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Canadian Research in Brief: 23rd Edition (October 2010)

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Published: 1 Nov 2010

The articles listed below can be accessed through the corresponding journal website or accessed at a local library or university.

Canadian Research in Brief: 23rd Edition (October 2010)

Daigneault, I., Hebert, M., & McDuff, P. (2009). Men’s and women’s childhood sexual abuse and victimization in adult partner relationships: A study of risk factors. Child Abuse and Neglect, 33(9), 638-647.

This article examined childhood sexual abuse (CSA) and socio-demographic characteristics as risk factors for intimate partner violence (IPV) through secondary data analyses of the 1999 Canadian General Social Survey on victimization. Data were collected using a random digit dial survey of households with telephones in Canada. For the purposes of the present analyses, only those Survey participants who were 18 years or older and were married or living in common law relationships (at the time of the survey or within the past five years of the survey) were included. Chi-square analysis and hierarchical logistic regressions were used. Women reported a higher prevalence of CSA as compared to men, and women also were more likely to report physical and sexual IPV than men. Psychological IPV did not differ for women and men. Women that reported CSA were more likely to also report psychological, physical, and sexual abuse by current or previous intimate partners. For those women that reported CSA certain factors increased the risk of intimate partner violence, namely young age and physical or mental limitations in everyday activities. Men that reported CSA, compared to men that did not report CSA, were more likely to report psychological and physical abuse in their intimate relationships. For men that reported CSA, older age and having a partner at the time of the survey appeared to decrease the likelihood of IPV, whereas the presence of physical or mental limitations and historical childhood physical assault appeared to increase the likelihood of IPV. Overall the results show that among adults in Canada, a history of CSA is associated with a greater risk of victimization within intimate relationships. The authors conclude that specific prevention efforts must be developed targeting women and men that have survived childhood sexual abuse.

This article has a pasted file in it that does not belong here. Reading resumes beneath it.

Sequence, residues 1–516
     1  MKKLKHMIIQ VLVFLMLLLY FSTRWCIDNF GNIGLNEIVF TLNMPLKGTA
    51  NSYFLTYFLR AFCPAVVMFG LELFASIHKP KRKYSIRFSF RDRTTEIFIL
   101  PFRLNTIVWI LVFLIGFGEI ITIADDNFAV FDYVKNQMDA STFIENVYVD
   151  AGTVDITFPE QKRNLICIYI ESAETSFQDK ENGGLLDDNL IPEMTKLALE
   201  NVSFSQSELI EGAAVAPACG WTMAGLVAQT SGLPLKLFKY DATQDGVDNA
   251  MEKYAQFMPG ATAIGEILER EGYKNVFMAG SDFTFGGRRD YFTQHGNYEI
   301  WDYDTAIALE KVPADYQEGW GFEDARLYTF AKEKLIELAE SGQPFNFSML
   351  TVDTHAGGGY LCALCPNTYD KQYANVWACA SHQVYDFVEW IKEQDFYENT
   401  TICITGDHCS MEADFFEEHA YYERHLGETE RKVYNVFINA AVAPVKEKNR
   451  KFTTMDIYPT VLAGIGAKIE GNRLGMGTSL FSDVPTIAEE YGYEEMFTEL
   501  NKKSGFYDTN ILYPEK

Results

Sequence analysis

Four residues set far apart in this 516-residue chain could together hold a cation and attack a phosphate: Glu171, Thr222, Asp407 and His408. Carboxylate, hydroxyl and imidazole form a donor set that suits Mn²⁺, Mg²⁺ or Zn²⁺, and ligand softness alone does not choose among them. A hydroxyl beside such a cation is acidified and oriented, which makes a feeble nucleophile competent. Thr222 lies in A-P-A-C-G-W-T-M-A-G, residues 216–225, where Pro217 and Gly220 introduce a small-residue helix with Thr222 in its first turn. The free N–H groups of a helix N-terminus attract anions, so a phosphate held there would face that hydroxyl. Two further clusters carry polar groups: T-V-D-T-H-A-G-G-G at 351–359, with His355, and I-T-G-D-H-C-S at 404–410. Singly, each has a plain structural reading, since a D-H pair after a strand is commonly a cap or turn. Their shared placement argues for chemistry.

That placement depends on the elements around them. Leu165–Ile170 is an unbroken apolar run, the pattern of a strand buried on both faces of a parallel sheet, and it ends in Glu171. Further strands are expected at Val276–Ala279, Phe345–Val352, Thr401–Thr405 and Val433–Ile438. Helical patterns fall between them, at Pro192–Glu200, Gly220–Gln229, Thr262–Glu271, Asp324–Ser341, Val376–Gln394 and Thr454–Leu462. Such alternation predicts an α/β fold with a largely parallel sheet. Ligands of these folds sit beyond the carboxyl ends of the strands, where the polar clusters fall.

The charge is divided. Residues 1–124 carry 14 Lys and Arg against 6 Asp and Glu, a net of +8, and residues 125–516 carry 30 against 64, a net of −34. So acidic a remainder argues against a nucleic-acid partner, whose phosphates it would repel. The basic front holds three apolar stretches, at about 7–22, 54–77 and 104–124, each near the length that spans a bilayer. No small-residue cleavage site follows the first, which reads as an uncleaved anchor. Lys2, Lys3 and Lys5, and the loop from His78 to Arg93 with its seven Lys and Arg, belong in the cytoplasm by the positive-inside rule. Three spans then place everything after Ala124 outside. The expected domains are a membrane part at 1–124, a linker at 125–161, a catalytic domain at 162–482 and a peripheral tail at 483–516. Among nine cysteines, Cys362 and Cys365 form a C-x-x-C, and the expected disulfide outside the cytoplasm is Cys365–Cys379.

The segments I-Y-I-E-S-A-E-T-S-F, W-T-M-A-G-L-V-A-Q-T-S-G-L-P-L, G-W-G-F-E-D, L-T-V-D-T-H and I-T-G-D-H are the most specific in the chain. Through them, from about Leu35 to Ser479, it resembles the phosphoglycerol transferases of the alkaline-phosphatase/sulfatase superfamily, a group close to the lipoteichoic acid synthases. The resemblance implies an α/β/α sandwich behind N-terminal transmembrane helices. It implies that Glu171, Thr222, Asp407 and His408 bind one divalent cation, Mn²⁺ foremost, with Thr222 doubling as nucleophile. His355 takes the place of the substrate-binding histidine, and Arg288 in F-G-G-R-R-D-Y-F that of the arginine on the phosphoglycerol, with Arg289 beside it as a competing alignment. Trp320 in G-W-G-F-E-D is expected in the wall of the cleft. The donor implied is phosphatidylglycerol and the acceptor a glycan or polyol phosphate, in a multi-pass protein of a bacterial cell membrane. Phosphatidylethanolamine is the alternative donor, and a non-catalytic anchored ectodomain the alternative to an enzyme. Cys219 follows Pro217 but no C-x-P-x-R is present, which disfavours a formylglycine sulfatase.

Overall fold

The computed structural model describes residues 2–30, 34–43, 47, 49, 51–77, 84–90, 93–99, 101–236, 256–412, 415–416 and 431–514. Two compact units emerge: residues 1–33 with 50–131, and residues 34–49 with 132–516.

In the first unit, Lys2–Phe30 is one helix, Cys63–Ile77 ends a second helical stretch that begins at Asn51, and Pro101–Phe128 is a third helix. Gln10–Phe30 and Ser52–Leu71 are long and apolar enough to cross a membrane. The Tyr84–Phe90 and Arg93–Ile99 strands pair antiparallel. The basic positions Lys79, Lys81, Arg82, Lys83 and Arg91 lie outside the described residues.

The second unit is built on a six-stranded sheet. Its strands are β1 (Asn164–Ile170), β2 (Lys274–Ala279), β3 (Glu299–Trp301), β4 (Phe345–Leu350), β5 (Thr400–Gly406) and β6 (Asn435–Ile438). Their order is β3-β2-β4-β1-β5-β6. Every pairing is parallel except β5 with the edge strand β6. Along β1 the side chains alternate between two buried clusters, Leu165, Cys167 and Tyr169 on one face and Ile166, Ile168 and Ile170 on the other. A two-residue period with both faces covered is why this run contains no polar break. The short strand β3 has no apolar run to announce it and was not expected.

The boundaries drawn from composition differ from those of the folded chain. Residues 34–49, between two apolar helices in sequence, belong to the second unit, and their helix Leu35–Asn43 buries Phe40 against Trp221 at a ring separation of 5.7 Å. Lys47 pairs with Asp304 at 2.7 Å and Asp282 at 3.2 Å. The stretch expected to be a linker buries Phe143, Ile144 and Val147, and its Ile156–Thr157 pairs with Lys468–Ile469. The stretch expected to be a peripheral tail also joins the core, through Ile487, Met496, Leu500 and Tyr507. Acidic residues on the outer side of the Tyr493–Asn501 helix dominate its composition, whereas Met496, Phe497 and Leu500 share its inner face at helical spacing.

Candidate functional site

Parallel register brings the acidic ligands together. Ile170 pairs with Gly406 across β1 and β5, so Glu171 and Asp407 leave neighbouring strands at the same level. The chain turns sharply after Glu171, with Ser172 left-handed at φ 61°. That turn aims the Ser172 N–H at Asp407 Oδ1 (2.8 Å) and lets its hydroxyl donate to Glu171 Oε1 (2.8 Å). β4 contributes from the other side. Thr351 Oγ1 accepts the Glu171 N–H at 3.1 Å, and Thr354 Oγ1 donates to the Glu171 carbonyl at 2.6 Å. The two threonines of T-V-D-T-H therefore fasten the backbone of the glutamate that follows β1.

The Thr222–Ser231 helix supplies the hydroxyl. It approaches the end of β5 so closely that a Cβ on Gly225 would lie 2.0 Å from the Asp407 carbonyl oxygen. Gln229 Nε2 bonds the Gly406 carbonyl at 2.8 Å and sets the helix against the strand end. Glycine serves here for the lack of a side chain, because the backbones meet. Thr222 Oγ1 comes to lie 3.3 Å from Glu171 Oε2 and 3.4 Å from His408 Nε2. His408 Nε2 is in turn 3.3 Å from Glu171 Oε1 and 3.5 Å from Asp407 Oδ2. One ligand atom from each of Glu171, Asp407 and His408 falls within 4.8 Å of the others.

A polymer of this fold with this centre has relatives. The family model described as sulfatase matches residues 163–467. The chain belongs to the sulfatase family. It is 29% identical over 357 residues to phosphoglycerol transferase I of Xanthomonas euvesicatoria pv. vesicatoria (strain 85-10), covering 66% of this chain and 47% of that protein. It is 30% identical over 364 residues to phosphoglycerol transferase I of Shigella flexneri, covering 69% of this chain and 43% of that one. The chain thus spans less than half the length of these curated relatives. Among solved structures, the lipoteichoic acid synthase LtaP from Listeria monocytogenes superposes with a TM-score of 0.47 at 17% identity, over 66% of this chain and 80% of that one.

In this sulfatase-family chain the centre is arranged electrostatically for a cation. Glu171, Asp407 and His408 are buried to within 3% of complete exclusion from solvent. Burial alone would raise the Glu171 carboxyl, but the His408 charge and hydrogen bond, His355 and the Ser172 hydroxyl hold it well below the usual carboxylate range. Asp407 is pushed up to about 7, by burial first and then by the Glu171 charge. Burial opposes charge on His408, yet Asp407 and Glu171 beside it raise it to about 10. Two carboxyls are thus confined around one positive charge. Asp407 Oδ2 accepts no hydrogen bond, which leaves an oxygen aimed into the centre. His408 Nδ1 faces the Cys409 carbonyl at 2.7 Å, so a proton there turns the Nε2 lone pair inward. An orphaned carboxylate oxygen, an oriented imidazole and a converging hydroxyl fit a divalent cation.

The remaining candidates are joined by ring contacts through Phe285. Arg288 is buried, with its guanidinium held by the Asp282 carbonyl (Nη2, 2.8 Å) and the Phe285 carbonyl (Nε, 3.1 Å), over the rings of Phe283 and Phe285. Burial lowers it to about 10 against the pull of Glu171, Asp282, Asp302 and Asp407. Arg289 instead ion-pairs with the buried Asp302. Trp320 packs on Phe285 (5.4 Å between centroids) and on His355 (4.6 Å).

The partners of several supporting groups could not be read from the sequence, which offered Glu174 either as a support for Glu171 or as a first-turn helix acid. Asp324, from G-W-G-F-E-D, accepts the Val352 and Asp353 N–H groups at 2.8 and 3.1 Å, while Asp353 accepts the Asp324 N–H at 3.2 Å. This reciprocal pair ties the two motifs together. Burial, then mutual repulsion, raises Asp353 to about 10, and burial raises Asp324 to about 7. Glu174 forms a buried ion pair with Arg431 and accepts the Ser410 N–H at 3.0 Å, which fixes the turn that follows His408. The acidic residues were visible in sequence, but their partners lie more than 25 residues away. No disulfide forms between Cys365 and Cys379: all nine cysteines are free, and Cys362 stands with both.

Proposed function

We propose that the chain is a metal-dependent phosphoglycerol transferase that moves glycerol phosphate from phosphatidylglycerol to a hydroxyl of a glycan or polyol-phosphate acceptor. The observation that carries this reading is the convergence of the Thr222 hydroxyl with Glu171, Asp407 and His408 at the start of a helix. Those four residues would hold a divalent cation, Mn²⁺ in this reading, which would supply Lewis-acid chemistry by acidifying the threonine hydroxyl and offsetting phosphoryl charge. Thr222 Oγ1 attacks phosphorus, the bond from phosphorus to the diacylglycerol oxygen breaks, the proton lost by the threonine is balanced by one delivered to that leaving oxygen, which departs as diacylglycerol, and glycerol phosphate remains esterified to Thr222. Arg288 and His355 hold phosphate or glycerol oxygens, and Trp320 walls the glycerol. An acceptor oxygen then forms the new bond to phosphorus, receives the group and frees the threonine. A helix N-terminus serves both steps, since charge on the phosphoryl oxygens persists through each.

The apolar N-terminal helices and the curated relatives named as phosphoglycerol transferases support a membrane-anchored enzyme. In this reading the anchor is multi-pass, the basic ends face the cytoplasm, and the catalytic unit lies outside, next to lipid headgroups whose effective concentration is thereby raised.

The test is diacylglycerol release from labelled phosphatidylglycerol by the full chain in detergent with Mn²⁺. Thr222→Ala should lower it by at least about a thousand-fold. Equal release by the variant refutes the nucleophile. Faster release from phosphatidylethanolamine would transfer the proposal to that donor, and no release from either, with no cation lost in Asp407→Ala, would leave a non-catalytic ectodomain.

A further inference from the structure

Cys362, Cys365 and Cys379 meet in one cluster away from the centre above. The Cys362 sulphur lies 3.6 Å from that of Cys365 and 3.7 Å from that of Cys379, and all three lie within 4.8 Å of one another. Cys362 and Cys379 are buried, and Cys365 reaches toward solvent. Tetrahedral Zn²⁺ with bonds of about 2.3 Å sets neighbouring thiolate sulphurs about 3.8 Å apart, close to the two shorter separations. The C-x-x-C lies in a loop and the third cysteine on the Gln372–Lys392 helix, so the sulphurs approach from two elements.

Durrant, J., Trocmé, N., Fallon, B., Milne, C., Black, T. (2009). Protection of Children from Physical Maltreatment in Canada: Evaluation of the Supreme Court’s Definition of Reasonable Force. Journal of Aggression, Maltreatment and Trauma, 18(1), 64-87.

The Canadian Criminal Code (1985) in section 43 allows parents to physically punish their children according to seven criteria: the punishment is “administered by a biological parent”; that the child is between two and twelve years of age; that the child is capable of learning from the punishment; that the act is minor in nature; that it does not involve an object; it is not coercive; and that “it is not degrading, inhuman or harmful” (p.67).